Taking legally purchased pot into a different state or country can be tricky, but it’s possible to do so safely.
At the 1998 Olympics in Nagano, Japan, officials stripped the Canadian snowboarder Ross Rebagliati of his gold medal after he tested positive for THC. Rebagliati contested the ruling. He said he had quit smoking pot to train for the games, but had inhaled secondhand smoke at snowboarder parties.
The appeal worked. After 36 hours Rebagliati’s medal was restored. He flew to California and in an appearance on the Tonight Show with Jay Lenoacknowledged past marijuana use. The next time he tried to enter the US, Rebagliati learned he was barred from the country for life, according to his immigration lawyer Leonard Saunders.
More than 20 years later, travelers who use cannabis still face significant barriers.
America’s lifetime ban on foreign cannabis users remains in force, even though the majority of US states allow medical use and Canada has fully legalized. Though the law is only sporadically enforced, it’s a serious headache for those affected. At least 40% of Canadians have tried marijuana. The prime minister, Justin Trudeau, smoked up while serving as a member of parliament.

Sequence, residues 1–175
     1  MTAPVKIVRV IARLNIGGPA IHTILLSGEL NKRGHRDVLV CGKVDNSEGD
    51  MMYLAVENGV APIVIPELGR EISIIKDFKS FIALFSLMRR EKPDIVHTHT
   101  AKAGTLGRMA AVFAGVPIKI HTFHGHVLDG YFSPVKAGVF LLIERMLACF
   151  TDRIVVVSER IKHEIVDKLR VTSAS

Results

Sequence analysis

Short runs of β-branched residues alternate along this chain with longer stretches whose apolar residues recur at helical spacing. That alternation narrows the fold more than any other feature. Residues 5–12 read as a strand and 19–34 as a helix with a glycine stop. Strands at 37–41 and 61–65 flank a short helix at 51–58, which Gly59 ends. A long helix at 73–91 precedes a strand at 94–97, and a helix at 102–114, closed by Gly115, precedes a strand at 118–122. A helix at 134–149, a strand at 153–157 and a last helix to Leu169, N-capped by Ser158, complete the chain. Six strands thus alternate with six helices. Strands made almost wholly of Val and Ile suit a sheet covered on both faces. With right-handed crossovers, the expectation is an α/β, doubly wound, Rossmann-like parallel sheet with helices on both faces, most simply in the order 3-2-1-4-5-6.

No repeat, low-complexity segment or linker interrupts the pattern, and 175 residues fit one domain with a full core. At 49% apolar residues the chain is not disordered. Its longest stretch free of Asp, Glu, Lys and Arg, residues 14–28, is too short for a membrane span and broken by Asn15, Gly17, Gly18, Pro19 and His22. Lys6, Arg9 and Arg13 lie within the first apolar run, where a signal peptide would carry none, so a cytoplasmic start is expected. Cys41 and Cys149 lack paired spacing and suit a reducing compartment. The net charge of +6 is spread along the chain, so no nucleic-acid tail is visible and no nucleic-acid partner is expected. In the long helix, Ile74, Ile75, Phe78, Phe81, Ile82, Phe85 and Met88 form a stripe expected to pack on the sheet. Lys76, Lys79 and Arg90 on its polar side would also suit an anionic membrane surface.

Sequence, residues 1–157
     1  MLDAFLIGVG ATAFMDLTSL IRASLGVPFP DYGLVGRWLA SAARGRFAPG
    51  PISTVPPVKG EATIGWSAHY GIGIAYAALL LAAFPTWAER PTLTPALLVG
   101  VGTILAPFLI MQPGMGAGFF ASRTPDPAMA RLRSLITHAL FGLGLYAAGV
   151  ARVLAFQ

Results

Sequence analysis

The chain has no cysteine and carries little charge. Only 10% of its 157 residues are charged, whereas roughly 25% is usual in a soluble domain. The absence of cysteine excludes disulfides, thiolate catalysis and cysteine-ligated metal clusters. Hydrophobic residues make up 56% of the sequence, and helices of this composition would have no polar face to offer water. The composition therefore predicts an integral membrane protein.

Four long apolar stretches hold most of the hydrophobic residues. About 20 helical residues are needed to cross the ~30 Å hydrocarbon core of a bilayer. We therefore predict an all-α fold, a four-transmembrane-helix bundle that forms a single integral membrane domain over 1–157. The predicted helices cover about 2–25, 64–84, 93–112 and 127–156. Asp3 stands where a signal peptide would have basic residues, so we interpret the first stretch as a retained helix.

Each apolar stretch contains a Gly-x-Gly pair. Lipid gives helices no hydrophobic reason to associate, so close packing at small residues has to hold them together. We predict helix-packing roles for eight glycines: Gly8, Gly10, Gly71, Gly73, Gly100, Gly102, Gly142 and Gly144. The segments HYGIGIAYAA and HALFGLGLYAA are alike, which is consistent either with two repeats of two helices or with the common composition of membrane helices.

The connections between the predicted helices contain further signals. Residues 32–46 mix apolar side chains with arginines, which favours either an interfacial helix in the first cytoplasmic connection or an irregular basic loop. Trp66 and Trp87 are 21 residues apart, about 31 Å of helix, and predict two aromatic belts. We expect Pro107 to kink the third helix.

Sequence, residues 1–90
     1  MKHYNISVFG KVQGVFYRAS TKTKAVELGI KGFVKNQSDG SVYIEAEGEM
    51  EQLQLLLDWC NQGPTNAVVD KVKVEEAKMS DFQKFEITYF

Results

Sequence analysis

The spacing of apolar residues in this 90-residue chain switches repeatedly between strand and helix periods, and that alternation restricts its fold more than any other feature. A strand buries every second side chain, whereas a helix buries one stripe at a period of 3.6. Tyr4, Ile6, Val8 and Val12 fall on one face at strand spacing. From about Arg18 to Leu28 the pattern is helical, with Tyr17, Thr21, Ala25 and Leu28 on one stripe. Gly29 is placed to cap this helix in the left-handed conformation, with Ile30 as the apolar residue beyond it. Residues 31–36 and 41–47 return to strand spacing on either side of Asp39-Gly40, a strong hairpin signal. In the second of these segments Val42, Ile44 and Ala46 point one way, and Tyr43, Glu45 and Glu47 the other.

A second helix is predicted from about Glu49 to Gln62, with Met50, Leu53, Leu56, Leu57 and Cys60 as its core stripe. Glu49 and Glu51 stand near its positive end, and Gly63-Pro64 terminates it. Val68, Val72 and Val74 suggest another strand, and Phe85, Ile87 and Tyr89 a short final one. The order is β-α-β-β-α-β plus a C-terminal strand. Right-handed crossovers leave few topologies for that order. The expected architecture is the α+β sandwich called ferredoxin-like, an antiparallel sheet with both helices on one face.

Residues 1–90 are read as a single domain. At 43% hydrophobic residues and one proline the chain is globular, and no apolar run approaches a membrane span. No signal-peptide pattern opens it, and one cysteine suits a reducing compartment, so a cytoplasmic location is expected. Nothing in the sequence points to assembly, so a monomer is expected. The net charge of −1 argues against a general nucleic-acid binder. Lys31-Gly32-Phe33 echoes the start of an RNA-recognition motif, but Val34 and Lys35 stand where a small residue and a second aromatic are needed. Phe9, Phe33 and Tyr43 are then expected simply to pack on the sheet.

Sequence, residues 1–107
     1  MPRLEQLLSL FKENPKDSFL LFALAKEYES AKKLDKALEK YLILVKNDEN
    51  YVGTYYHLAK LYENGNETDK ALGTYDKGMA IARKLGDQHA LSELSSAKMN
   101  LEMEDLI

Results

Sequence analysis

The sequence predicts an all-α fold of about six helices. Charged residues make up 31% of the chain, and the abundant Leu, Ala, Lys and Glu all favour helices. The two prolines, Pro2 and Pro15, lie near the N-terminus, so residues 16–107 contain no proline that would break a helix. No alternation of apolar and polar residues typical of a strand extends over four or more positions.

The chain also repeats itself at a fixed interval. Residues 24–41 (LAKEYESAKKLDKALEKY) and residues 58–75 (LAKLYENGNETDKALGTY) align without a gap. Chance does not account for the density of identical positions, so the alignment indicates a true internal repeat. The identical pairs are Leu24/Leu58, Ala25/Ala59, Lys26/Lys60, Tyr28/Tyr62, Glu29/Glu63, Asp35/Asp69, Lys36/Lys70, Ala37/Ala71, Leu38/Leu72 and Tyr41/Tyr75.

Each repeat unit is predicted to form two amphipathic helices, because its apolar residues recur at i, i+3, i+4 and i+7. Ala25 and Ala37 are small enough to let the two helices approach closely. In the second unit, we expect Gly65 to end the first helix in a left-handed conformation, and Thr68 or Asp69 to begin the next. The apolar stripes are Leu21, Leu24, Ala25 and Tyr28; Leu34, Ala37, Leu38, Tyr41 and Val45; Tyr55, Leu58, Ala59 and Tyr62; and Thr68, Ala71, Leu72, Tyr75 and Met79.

With hostility to immigrants Donald Trump’s signature issue, it seems unlikely that the law will change anytime soon. Weeks before Canada legalized last October, US Customs and Border Protection said it reserved the right to turn back Canadians working in the cannabis industry.
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